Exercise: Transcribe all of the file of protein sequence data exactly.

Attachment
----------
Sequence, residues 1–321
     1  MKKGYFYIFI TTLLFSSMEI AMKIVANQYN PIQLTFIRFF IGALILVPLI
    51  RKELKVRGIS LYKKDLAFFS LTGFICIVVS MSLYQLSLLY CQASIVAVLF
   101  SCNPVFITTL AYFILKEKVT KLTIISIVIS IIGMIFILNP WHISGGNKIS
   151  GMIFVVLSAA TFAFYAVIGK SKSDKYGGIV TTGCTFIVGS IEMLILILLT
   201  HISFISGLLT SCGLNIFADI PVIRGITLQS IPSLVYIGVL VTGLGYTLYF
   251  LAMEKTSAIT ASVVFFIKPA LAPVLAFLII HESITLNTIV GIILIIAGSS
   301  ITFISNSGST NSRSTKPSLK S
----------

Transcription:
Sequence, residues 1–321
     1  MKKGYFYIFI TTLLFSSMEI AMKIVANQYN PIQLTFIRFF IGALILVPLI
    51  RKELKVRGIS LYKKDLAFFS LTGFICIVVS MSLYQLSLLY CQASIVAVLF
   101  SCNPVFITTL AYFILKEKVT KLTIISIVIS IIGMIFILNP WHISGGNKIS
   151  GMIFVVLSAA TFAFYAVIGK SKSDKYGGIV TTGCTFIVGS IEMLILILLT
   201  HISFISGLLT SCGLNIFADI PVIRGITLQS IPSLVYIGVL VTGLGYTLYF
   251  LAMEKTSAIT ASVVFFIKPA LAPVLAFLII HESITLNTIV GIILIIAGSS
   301  ITFISNSGST NSRSTKPSLK S